What really surprised me is how often he talked about his love. I hadn't expected that. In my mind, I was simply acknowledging God's existence. I had no expectations of him, but as I read the Bible, he chose to communicate his love to me. That was a surprise.
Now, my basic, skeptical nature was still there. The first few months or year, I would ask myself, "Am I really believing in God? And, why am I? So my "faith" in God did not rest on feelings, but on facts, on reasons. To me, it's like the foundation of a building. It's like someone driving across the Golden Gate Bridge. They can feel whatever they'd like about the bridge. In the same way, the objective reality of God--the logical, historical, scientific reasons to believe in his existence, are important to me. There are people who don't seem to need that. But I hate being fooled, and I have little regard for wishful thinking.
The substantiating reasons for God's existence mattered to me. Since that time, now that I've been a Christian for a number of yearswhy do I now believe in God? What reasons do I have for continuing to believe in God? I'm not sure any of these are going to be believable to you. But I'll try to put that concern aside and be candid with you.
Previously my questions were about God's existence.
After beginning a relationship with God, I saw additional evidence that God is real. Such as When I have questions, concerns, or would like insight on a matter, God speaks to me through the Bible. What he shows me is always perfectly suited to my question, and a better, more satisfying answer than I expected.
Peace of Mind in an Unstable World
Here's an example. One day, my schedule, deadlines, and obligations were crawling up my neck and tightening their hold. You know that feeling when you're so overwhelmed, you don't know what to do first? So I got out a piece of paper and pen, and asked God: "Just tell me what you want me to do, and I'll do it. I then opened my Bible and immediately read where Jesus was talking with a man who was blind.
Jesus was asking him, "What do you want me to do for you?
Jesus'Teachings on Value
I read it again. Jesus asked: "What do you want me to do for you? This, I have found, is characteristic of God. Reminding us that he is there. That he cares, and he's capable. I choose that example because it's brief. But I could cite hundreds of examples where I was asking God a question and he perfectly, thoroughly answered me.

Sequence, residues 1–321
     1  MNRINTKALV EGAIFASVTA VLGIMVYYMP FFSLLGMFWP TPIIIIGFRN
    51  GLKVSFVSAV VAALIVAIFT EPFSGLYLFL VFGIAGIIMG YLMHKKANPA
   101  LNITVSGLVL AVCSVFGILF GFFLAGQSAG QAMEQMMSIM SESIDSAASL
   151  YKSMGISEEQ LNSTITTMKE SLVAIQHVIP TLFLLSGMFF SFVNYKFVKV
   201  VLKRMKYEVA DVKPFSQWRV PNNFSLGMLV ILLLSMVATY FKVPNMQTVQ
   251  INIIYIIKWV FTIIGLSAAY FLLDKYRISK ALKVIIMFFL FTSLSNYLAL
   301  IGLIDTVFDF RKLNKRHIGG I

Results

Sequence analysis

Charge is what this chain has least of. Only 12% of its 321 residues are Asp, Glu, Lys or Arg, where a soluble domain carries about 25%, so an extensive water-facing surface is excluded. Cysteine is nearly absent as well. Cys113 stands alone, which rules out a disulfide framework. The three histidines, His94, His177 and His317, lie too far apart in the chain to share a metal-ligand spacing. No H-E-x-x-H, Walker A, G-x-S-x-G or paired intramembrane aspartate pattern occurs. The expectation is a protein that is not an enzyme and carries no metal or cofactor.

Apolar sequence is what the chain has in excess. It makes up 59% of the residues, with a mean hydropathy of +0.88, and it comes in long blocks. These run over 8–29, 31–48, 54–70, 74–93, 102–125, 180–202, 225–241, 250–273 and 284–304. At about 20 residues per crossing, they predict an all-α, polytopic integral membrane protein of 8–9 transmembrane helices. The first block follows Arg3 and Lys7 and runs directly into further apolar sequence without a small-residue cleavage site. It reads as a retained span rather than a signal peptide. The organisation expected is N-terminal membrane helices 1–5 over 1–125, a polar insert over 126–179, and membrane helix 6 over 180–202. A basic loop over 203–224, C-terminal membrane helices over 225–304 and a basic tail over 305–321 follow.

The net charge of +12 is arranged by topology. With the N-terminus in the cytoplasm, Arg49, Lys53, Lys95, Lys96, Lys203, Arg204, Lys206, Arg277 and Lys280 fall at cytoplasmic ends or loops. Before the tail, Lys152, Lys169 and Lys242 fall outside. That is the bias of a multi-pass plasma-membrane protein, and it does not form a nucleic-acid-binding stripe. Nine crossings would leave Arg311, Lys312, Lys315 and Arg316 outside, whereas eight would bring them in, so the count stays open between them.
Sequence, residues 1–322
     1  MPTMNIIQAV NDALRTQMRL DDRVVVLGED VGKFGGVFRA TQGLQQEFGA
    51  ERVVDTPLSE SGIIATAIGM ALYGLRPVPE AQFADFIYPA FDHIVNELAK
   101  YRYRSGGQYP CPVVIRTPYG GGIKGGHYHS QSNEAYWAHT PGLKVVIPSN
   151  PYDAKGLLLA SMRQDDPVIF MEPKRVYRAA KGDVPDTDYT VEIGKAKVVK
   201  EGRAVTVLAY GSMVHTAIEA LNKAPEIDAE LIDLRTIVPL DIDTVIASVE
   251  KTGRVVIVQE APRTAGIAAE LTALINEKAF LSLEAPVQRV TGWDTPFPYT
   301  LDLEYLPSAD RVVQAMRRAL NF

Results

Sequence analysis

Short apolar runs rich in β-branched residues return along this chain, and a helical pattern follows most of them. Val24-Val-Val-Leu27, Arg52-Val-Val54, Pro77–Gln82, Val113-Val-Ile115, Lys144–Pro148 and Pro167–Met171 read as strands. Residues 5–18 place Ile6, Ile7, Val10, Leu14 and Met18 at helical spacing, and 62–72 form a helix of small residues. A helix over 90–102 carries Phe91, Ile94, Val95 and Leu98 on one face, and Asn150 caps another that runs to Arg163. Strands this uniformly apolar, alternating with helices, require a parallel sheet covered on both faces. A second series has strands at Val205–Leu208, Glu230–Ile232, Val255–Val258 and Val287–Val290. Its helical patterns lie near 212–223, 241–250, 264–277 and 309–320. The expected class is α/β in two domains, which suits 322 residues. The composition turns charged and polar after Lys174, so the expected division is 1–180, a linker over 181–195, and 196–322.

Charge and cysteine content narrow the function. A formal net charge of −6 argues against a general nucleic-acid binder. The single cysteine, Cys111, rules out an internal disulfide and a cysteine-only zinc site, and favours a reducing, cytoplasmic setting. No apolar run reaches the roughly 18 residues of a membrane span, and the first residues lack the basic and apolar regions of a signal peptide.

Learn to Value What God Values
It probably is the characteristic of God that I most appreciate and value--that he is willing to answer my questions. This isn't something I learned from other Christians. It's just how my relationship with God operates. I ask a question, with an attitude that I really want to give him freedom to tell me whatever he wants to And he always graciously speaks to me.
Similarly, when I need direction for a decision, he gives it. I believe that God cares about our decisions. I believe he has a plan for our lives, that he cares about who I marry, what kind of job I have, and some decisions smaller than that. I don't believe he cares what toothpaste I buy, or lots of mundane decisions. But decisions that will affect my life or what he wants to accomplish through my life I think he cares. One time I needed to decide about a trip to the Middle East.
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There was risk involved, and I was willing to go only if God wanted me to go. It was important to me that I knew what he wanted. Two different times I asked God about a job. Both times his leading on it was so clear, that anyone watching would have concluded the same.
Let me try one thin slice of an example. During my senior year of college, I had decided to take a job with a Christian organization after graduation, that would require a move to California.
The God of the Foxholes
It was Christmas break, and I was now visiting my parents. One evening, I was alone and thinking through a long list of friends. I was wondering who I could talk into moving to California with me to be roommates. One person named Christy, came to mind, who had already graduated and settled in a job in Iowa. I thought she'd be the perfect roommate, but I hadn't talked to her in several months.
Just 30 minutes later, at my parents home, Christy calls me on the phone. Her first sentence was, "I heard you are taking a job with this Christian organization. Her next statement was, "Ok, I've got the pots and pans and dishes. You might ask, why such a big deal, to even need God's help in this decision? I knew that my parents would be completely opposed to this job.
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I thought it might cost me my relationship with my parents forever. So it was not a light decision. I asked God to guide me toward what he wanted. And he did. There were about ten other events related to this job, just as clear. In terms of explanations about life--why we're here, what the purpose is, what is important in life, what to value or strive for--God has better answers than anything I've ever read anywhere.
I have studied multiple philosophies and religions and other life approaches. What I read in the Bible, what I see from God's perspective, all the pieces of the puzzle fit. There is still a lot I'll read in the Bible and close the Bible saying, "I don't get it.